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Tweets about hospital quality: a mixed methods study
  1. Felix Greaves1,
  2. Antony A Laverty2,
  3. Daniel Ramirez Cano1,
  4. Karo Moilanen3,
  5. Stephen Pulman3,
  6. Ara Darzi1,
  7. Christopher Millett2
  1. 1Centre for Health Policy, Imperial College London, St Mary's Hospital, London, UK
  2. 2Department of Primary Care and Public Health, Imperial College London, London, UK
  3. 3Department of Computer Science, Oxford University, Oxford, UK
  1. Correspondence to Dr Felix Greaves, Centre for Health Policy, Imperial College London, St Mary's Hospital, London W2 1NY, UK; fg08{at}


Background Twitter is increasingly being used by patients to comment on their experience of healthcare. This may provide information for understanding the quality of healthcare providers and improving services.

Objective To examine whether tweets sent to hospitals in the English National Health Service contain information about quality of care. To compare sentiment on Twitter about hospitals with established survey measures of patient experience and standardised mortality rates.

Design A mixed methods study including a quantitative analysis of all 198 499 tweets sent to English hospitals over a year and a qualitative directed content analysis of 1000 random tweets. Twitter sentiment and conventional quality metrics were compared using Spearman's rank correlation coefficient.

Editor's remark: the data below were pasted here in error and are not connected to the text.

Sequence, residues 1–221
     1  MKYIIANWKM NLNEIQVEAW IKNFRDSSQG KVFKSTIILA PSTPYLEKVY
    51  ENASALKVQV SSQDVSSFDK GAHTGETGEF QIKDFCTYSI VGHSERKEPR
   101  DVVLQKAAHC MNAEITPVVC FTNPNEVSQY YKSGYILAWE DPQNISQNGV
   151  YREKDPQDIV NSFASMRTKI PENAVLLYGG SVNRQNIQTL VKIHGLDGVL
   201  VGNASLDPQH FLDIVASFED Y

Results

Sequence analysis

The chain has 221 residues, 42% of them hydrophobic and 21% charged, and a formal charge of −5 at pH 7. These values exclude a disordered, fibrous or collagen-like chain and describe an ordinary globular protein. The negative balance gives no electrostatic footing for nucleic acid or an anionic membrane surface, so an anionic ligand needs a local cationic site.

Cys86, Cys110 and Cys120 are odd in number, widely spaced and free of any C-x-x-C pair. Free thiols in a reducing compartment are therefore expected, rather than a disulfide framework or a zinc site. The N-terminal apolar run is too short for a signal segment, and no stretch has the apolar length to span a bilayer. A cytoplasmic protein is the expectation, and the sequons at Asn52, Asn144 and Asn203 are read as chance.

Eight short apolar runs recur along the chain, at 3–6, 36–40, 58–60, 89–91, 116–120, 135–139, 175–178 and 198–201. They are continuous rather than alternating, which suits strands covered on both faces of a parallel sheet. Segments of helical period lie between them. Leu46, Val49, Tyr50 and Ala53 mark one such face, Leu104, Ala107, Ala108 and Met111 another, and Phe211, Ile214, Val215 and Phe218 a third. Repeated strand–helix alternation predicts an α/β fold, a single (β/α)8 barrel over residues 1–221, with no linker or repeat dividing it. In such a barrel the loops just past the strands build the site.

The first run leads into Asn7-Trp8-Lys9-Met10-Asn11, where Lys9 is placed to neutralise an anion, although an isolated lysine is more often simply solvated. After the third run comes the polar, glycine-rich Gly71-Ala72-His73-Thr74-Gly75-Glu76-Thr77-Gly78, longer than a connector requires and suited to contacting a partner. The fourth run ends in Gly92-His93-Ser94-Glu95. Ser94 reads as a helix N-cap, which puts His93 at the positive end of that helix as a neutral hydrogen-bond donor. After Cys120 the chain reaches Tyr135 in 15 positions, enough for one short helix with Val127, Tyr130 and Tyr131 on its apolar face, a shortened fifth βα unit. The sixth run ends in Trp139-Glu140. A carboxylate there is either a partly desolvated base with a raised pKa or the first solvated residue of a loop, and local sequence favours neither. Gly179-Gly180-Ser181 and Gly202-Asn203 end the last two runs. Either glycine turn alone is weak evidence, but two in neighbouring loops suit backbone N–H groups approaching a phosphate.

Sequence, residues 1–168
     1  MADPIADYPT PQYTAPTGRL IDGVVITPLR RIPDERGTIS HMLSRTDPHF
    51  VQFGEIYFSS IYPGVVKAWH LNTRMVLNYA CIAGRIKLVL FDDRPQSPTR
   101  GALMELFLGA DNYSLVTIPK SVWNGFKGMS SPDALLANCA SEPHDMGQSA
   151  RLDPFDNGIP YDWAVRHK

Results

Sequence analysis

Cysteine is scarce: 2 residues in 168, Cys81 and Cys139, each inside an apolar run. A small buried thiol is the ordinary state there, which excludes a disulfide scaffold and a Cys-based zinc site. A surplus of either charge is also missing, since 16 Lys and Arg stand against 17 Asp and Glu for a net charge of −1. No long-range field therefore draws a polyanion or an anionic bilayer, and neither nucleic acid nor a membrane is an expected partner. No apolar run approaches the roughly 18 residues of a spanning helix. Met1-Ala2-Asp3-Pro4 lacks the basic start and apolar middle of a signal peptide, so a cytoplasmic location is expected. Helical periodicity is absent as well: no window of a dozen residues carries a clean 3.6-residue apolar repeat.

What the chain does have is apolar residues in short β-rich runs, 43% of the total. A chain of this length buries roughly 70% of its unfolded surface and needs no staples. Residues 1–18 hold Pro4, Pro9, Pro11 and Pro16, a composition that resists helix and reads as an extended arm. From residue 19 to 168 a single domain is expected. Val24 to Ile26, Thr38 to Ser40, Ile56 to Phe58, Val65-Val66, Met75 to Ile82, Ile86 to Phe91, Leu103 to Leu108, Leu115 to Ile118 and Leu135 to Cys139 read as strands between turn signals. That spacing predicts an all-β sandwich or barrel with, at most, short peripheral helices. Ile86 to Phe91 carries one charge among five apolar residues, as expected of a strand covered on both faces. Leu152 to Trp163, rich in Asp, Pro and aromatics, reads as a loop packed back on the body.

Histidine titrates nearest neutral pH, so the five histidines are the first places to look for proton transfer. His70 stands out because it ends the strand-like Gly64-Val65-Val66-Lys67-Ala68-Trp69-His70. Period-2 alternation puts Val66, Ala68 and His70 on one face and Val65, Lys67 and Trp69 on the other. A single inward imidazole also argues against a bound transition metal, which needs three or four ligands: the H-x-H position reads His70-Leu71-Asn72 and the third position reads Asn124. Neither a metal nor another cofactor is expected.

Key results 11% of tweets to hospitals contained information about care quality, with the most frequent topic being patient experience (8%). Comments on effectiveness or safety of care were present, but less common (3%). 77% of tweets about care quality were positive in tone. Other topics mentioned in tweets included messages of support to patients, fundraising activity, self-promotion and dissemination of health information. No associations were observed between Twitter sentiment and conventional quality metrics.

Conclusions Only a small proportion of tweets directed at hospitals discuss quality of care and there was no clear relationship between Twitter sentiment and other measures of quality, potentially limiting Twitter as a medium for quality monitoring. However, tweets did contain information useful to target quality improvement activity. Recent enthusiasm by policy makers to use social media as a quality monitoring and improvement tool needs to be carefully considered and subjected to formal evaluation.

  • Quality Measurement
  • Patient Satisfaction
  • Health Services Research

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